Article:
porn

Mom's Facebook photo pops up on porn, dating sites

April 30, 2012 at 1:49 PM ET

When Jules Rahim posed poolside in a bikini three years ago, she never expected her picture would be posted on either a porn site or a dating website. But that's exactly what happened, the Straits Times of Singapore reports.

The Singapore mother of four (including a newborn) found out about her inadvertent adult modeling career when a friend called her with the awkward news. The bikini picture Rahim posted on her Facebook was now being used to solicit pornography. A few days later, another friend advised her that the same picture showed up on dating site sgGirls.com, illustrating an ad for a charge-per-minute telephone chat line.

"It's embarrassing," Rahim, 32, told the Straits Times. "People I know may think wrongly of me." 

Rahim, it seems, is the victim of photo-jacking — the exploitation of photos scraped from Facebook and other Internet outlets. And Rahim isn't the only victim of image exploitation. The Straits Times reports there are at least two other women in Singapore whose social media photos showed up on the same sites where Rahim's picture appeared.

Rahim filed police reports against both the pornography and dating sites, and intends to file a harassment complaint as well. But there's little, if anything, authorities can do about it. Photo-jacking occupies a legal gray area in Singapore, as well as the United States.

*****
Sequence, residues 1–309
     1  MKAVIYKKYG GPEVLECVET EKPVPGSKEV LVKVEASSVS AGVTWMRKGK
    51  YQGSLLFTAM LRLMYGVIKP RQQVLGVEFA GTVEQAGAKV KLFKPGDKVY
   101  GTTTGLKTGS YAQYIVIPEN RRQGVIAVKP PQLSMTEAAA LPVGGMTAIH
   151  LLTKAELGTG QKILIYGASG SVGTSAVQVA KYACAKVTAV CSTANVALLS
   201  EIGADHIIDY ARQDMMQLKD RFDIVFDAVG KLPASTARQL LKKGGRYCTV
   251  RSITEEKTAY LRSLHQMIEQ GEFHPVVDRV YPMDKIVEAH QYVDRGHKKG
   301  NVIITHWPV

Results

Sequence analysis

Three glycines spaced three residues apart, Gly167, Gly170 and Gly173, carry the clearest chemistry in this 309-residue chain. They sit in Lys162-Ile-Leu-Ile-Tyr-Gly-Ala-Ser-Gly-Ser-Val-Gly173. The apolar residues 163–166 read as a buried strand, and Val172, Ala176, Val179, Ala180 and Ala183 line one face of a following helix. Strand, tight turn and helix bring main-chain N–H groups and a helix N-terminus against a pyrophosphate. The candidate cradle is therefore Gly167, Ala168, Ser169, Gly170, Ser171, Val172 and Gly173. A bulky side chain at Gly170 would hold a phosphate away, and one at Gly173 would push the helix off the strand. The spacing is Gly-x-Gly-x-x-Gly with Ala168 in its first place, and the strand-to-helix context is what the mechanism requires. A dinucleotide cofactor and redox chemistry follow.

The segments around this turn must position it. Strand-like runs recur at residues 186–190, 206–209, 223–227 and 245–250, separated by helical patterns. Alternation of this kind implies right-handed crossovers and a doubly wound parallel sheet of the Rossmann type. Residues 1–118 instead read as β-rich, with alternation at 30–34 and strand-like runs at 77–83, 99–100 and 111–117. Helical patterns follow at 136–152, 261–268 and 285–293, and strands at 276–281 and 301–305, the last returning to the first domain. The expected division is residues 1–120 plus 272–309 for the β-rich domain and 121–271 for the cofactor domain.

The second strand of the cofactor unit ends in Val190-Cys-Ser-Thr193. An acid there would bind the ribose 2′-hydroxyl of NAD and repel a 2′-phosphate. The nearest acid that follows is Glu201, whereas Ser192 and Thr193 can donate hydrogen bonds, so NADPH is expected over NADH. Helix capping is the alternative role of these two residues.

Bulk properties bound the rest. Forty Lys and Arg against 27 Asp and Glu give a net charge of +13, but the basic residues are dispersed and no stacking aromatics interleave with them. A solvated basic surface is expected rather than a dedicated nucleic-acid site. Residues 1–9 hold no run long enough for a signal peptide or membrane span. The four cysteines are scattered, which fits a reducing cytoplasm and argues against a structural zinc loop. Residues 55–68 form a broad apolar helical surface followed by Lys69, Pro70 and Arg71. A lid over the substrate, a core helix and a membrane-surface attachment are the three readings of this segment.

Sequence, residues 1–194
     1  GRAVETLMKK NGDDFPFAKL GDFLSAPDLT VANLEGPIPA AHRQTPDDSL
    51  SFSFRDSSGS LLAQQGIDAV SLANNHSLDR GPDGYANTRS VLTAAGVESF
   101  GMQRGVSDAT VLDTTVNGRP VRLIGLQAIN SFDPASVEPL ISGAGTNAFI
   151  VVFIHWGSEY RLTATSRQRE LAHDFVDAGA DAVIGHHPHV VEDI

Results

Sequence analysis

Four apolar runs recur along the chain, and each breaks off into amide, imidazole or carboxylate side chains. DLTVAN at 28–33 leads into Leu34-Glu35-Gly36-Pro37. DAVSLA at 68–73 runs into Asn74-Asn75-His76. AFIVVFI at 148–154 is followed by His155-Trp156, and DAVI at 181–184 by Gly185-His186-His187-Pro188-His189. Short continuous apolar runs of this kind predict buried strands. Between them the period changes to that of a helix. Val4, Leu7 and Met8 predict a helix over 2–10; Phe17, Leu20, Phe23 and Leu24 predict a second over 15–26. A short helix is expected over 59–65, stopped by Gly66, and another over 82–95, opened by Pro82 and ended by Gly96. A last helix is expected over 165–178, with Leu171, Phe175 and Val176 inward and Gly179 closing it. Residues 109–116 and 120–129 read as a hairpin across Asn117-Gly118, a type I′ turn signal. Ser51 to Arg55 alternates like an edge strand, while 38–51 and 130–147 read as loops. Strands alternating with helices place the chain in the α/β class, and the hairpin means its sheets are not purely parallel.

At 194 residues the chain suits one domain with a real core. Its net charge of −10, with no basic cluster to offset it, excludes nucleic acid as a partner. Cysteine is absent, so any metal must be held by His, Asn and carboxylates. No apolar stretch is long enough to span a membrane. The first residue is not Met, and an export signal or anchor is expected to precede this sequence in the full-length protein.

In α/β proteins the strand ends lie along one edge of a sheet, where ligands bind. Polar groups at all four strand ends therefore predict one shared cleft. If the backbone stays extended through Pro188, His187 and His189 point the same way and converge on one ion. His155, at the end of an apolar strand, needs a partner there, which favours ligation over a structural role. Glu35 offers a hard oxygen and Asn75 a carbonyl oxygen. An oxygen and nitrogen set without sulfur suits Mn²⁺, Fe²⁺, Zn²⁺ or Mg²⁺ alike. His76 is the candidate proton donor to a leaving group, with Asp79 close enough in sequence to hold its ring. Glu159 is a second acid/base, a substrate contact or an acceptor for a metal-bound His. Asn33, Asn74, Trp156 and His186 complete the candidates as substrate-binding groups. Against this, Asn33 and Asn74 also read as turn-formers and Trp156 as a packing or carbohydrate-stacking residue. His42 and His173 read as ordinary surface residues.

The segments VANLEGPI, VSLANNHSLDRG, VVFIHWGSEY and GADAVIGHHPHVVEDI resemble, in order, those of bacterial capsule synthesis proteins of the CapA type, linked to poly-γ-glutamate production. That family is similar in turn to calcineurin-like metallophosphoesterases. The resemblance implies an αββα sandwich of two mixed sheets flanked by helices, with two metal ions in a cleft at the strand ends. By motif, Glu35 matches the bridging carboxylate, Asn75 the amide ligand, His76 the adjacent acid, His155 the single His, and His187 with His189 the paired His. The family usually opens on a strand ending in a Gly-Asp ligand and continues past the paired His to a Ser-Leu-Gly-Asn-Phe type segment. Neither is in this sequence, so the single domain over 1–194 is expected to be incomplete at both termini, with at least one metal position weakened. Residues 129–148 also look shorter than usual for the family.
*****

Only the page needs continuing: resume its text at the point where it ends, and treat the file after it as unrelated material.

In February, police in a small Massachusetts town asked the FBI for assistance after photos of at least 17 high school girls turned up on pornographic websites. For the most part, the girls were fully clothed in the photos, which were reportedly taken from Facebook and other social networks. As with Rahim, the victims had little legal recourse against the website.

The photos didn't constitute child pornography because the girls were fully clothed. Further, the U.S. Communications Decency Act of 1996 protects Internet service providers — including websites and blogs, in this instance — that host the purloined images. Victims who want their photos removed have the option of claiming copyright infringement. Even then, the burden of proof remains on the plaintiff, as the copyright is generally owned by the person who snapped the shot, not the person in the picture.

In Singapore, Rahim isn't letting it drop. "I want to sue them," Rahim told the Straits Times. "These websites have no right to use my pictures without my consent." The dating site sgGirls.com is hosted in Dusseldorf, Germany and the pornography site is hosted in Los Angeles, California — so both sites operate outside of Singapore law enforcement. Rahim has attempted to contact sgGirls.com site and request that the site remove her photo, but hasn't heard back.

The obvious advice in such cases of photo explotation is to remind users to lock down their social media privacy settings, but even then it may not be enough. It's always possible the perpetrator is a so-called "friend," on Facebook and elsewhere. And even the tightest privacy settings can't protect you from bad "friends."

Helen A.S. Popkin goes blah blah blah about the Internet. Tell her to get a real job on Twitter and/or Facebook. Also, Google+.

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